We also work as a matchmaker in supporting the faculty with industry projects. For example, we currently have a project with BMW where we matched a faculty lecturer and an industry professional to work together on creating assignments for Communication Arts students. Previous experience of projects like this has shown that when the professionals interact with and see student performance it frequently leads to future career opportunities.

career Hub

Students looking for a job

When looking for a job, communication skills are essential. The first thing students have to learn is how to sell themselves. They must learn how to communicate well in order to be selected and this starts with the CV. They must learn how to write a CV because that is what initially represents them. A CV needs to be different depending on the job, so we guide students in the creation of CVs tailor-made for the specific position and organisation that they are applying for. This is one of the more important skills.

Next comes how they communicate with their potential employer. It starts with the email application and the balance of formality and friendliness. The email is important as the CV and cover letter are attachments. How the students communicate, how they talk on the phone with the employer, how they make the first impression are all vital factors.


Industry feedback and student experience

The majority of the feedback we get from industry partners is that they are very impressed with our students, especially when it comes to their communication and multicultural skills. As most of our partners are international corporations, Stamford can provide them with the students they are looking for. I believe our students can close the capability gap. The capability gap is the expectations of employers and the skills they need, and the fact that Stamford students have the skills they are looking for. I think this is down to the nature of our partners, they are international, and the fact that our internship students and graduates can communicate well in English and can rapidly adapt to an organisation’s culture.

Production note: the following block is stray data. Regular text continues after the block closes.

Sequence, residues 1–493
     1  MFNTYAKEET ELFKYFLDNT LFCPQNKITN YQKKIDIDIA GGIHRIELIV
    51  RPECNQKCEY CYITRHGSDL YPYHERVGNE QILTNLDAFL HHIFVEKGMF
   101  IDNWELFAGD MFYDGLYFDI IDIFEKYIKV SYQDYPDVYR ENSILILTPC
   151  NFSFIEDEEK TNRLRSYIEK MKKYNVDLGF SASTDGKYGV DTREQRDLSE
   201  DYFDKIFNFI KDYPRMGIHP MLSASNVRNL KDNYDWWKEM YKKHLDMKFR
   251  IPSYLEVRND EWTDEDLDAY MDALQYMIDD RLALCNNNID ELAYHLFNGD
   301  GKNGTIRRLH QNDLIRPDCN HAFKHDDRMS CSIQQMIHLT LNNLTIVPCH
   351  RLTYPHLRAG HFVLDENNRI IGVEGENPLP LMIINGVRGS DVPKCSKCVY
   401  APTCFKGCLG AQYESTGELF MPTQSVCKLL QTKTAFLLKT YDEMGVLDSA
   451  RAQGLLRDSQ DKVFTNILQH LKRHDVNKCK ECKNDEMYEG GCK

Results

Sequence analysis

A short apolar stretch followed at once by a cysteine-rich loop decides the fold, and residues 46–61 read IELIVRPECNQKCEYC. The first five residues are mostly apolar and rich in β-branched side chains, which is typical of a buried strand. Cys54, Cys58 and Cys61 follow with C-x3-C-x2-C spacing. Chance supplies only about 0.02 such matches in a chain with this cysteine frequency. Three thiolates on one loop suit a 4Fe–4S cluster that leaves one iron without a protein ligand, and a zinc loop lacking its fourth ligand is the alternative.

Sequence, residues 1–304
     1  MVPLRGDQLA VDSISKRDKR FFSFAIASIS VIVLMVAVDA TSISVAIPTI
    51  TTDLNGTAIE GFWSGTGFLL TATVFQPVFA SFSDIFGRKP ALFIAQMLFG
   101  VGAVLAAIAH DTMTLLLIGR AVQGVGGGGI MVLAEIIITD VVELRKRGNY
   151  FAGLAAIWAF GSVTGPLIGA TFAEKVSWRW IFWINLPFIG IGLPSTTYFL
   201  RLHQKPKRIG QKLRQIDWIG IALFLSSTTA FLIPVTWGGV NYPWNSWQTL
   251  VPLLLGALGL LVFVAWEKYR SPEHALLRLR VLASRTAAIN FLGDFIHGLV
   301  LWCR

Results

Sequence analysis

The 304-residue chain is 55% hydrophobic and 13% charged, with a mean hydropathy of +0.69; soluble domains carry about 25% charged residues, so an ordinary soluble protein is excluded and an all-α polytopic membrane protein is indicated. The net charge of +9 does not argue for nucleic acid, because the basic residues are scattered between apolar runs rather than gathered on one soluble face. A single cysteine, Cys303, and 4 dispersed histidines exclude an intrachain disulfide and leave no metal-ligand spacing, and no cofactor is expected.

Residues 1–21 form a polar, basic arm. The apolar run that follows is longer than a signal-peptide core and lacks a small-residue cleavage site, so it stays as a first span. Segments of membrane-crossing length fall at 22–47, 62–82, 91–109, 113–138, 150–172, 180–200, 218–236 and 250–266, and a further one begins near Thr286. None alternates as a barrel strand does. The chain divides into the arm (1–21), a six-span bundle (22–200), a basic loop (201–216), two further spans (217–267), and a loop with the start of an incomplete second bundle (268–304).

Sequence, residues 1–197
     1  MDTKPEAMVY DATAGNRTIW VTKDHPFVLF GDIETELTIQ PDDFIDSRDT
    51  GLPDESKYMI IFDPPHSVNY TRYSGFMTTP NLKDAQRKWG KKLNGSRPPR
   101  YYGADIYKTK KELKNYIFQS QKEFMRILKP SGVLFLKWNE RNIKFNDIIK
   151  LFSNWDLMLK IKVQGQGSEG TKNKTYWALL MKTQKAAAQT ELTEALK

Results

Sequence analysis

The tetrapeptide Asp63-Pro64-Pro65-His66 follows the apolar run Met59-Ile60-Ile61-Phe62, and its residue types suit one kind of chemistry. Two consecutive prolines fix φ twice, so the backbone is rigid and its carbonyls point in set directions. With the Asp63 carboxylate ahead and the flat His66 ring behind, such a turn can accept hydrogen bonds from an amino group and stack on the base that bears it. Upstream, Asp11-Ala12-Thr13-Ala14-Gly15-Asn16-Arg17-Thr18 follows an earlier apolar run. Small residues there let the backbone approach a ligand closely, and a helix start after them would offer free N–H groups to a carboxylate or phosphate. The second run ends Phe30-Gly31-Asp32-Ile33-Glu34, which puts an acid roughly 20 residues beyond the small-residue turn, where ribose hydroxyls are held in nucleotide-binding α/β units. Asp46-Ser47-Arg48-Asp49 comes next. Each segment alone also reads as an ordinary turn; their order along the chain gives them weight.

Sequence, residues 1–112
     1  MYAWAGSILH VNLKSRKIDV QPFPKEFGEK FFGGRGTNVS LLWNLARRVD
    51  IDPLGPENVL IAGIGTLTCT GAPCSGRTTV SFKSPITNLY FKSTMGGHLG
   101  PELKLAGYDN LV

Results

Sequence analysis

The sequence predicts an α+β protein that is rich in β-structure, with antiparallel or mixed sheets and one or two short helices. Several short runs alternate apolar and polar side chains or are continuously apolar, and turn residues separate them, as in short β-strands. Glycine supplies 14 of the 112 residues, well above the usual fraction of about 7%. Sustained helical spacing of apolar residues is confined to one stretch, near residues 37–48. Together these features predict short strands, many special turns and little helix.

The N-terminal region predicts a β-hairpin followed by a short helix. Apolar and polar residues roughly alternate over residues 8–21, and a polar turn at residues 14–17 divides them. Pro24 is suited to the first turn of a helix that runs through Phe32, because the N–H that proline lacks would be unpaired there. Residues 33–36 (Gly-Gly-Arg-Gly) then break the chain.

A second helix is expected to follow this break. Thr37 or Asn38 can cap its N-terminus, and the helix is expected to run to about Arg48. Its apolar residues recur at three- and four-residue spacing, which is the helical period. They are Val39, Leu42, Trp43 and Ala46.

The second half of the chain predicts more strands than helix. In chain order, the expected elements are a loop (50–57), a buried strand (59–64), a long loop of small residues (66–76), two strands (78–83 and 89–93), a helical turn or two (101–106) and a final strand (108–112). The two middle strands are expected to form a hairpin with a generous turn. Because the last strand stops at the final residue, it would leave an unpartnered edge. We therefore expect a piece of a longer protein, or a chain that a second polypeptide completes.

Career Hub

Last year we had about 120 guest speakers, 20 industry projects and a large number of site visits. This means that during the first three years before internship, students can expand their industry experience. The result is that every term they will gain exposure to industry and have the chance to talk with professionals, so when they enter the workplace, they feel comfortable. They know how to communicate. This is what makes a Stamford graduate different from other universities.


Working at Stamford

What I love about my job is first, we work in education. At Stamford, we build young people. I love that I can relate my passion into my job and the mission of my department – to grow and develop the capabilities of the next generation. Once students graduate, they will use their capabilities to develop and take care of themselves, their families, and their society, wherever they are from.

Every day when I work, we connect and collaborate with all Stamford stakeholders. This means I have the opportunity to meet a new person that wants to contribute to education on a daily basis. It is very rewarding.

At Stamford, we are free to share our opinions, our new ideas. All our colleagues here are very open and we listen to each other. There is also the beautiful aspect of the cross-cultural community here. We don’t have boundaries regarding nationalities at all. I feel we bring the world to the Stamford family. I studied in Australia and France and I honestly find Stamford more multicultural. In my previous class, we had students from 15 countries. My colleagues come from over 50 countries. This job lets me learn every day, not just in a Thai context, but an international one.

Leave a Reply

Your email address will not be published.

You may use these HTML tags and attributes:

<a href="" title=""> <abbr title=""> <acronym title=""> <b> <blockquote cite=""> <cite> <code> <del datetime=""> <em> <i> <q cite=""> <s> <strike> <strong>